Bicycles for transport, a fender mind bender!


I was on the 10 past train from Yate to Temple Meads, waiting for the doors to close again, my lightweight coat and hair sodden by the sudden downpour from the journey to the station, i’m trying to make my own bicycle small and inconspicuous to the folk coming and going around me, rain and puddle water glistening on its panniers and mudguards, the guard skipping around it, trying to keep his staypress stacks clean. Each time the door open i see bicycles chained to solid things, i like to look, i like seeing these workhorses, locked and resting after transporting their rider to the station to begin another day of work. So there am i, gazing idly at these bikes, then from the blue. it struck me!!, that the majority of the bicycles i am looking at had no protection from the weather.

Now i am no stranger to a mudguard, i think they can look incongruous and its a skill to make them look sexy but i specialise in Useful Bikes and a big part of a bikes usefulness is their practicality, getting a wet arse or sodden shoes before a shopping session or a meeting is not cool, hence the bikes i sell generally have mudguards…

This is what shocked me! I reckon 70% of these daily commuter bikes did not have weather protection..no mudguards, no mudflaps, nothing, So there am i with a cheap sodden jacket (note to self, buy waterproof coat) but with dry arse and pristine brogues.

Had i not been riding a bicycle designed for the everyday, ( a Gazelle Esprit) i would have been drinking coffee in a business meeting with half of Yate common decorating my lower half.

Most of the bikes i saw were Mountain bikes, some exotic homegrown racer types and some pricey serious machines too. Sports bikes in the main, but people know they can fit mudguards don’t they? Surely after one sodden commute you would realise the need to protect your best workday threads from the mucky road spray?

Perhaps the riders opt for wet weather clothes, plastic trousers perhaps, over shoes…but then they would look like a cyclist, and the majority of the resting chained up bikes didn’t look like they would be ridden by cyclists, no disrespect to the owners but most of the bikes looked like beast of burden.

So why do these commuting bicycles not have weather protection? is it ignorance that mudguards exist? the thought that they’re not fashionable?  perhaps they bought some and couldn’t fit them. Perhaps a reluctance to spend on a bicycle that might get stolen? The fact remains that many bikes used for the commute are not really fit for purpose, if you get wet feet on the way to work, they are staying wet all day, and then perhaps you might have cold feet (see what i did there!) about using that form of transport again.

Bicycles used for transport are different beasts from the sports machines we tend to be shown in our UK media and our UK bicycle stores. What struck me, as i stood on the train with my Gazelle Bicycle, was the difference in culture and attitude we have from the Rest of Europe.

My bicycle was not the prettiest ( there are other Gazelles that are delightful to look at) but the function was the thing i needed for the journey, i didn’t want to be wet, i wanted to carry some stuff, i wanted to wear my own normal clothes and if it got dark before i got home (e.g. missing that 3.40 train back) i needed good lights.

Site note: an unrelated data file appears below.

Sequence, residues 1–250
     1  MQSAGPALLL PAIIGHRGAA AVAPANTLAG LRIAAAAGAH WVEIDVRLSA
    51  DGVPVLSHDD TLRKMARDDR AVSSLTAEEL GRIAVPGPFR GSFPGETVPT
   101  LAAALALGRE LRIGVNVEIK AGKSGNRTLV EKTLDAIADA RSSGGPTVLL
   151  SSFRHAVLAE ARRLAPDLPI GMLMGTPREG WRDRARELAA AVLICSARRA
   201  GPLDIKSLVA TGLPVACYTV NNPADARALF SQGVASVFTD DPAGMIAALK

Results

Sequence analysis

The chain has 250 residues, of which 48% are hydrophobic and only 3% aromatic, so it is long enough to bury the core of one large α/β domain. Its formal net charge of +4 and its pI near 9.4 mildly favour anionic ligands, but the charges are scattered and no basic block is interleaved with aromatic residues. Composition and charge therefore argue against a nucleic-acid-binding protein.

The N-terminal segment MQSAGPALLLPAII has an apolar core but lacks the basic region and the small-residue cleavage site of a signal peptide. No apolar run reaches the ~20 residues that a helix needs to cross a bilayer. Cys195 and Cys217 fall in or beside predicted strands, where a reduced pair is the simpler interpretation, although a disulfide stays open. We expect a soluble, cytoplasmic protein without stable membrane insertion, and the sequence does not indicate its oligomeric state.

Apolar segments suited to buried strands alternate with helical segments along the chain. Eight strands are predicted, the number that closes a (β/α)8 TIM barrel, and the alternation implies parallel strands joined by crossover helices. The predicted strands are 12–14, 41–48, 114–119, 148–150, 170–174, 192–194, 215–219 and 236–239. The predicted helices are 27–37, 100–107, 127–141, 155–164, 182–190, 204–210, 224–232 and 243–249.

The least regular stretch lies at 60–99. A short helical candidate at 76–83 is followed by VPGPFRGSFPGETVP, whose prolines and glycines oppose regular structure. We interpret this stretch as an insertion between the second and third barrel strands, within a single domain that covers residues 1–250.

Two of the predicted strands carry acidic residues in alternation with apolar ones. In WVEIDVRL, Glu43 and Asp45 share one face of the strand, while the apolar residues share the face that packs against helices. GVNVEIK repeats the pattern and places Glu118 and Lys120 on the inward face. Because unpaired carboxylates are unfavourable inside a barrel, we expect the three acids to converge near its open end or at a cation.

Are my requirements different from the riders of the naked, unfendered bicycles i see chained up at the station? I can’t see that my basic requirements can be so different!  It’s akin to people visiting a car showroom and being shown a roofless convertible car as the standard offering! “you want a roof sir/madam?! we have a model over there with a roof,  but we can fit a one size fits all roof to this car!, and you want lights on your car too?” and your gearbox on the inside rather than hanging down in the dirt and rain??”  and so we can go on…., car drivers wouldn’t stand for it, yet bicycle buyers seem to know no different. Bikes can be cheap, but there’s a reason for that..everything can be cheap if you keep it bare bones..

If you want to commute by bike you need to ride a bike that’s been designed to cope with everyday conditions, have the features fitted that you need to keep you comfortable. It doesn’t have to be heavy, it will be heavier for sure than something without a rack, lights mudguards etc but these days with clever design and modern materials it doesn’t have to be noticeably heavier.

So to conclude..i was glad that day i rode my Gazelle Dutch bike, i appreciated the fact that it got me to my meeting with dry feet. I suspect that many riders that day did not. If you get wet feet on a rainy day, you need a good pair of mudguards…or a new ride. Think about what you as a rider need from a bike for transport, and don’t limit yourself to what’s in the shop down the road, look about and take time to chose, be prepared to pay a little more but a quality fully equipped bicycle will save you money in servicing (if it has hub gears and brakes) and there will be no add on spending needed. A good Useful bicycle will keep you comfortable for many years to come.

Perhaps when folk appreciate riding a bicycle with dry feet, we will see more bicycles at the stations.

Rob

http://www.gazelle.nl

http://www.reallyusefulbikes.co.uk

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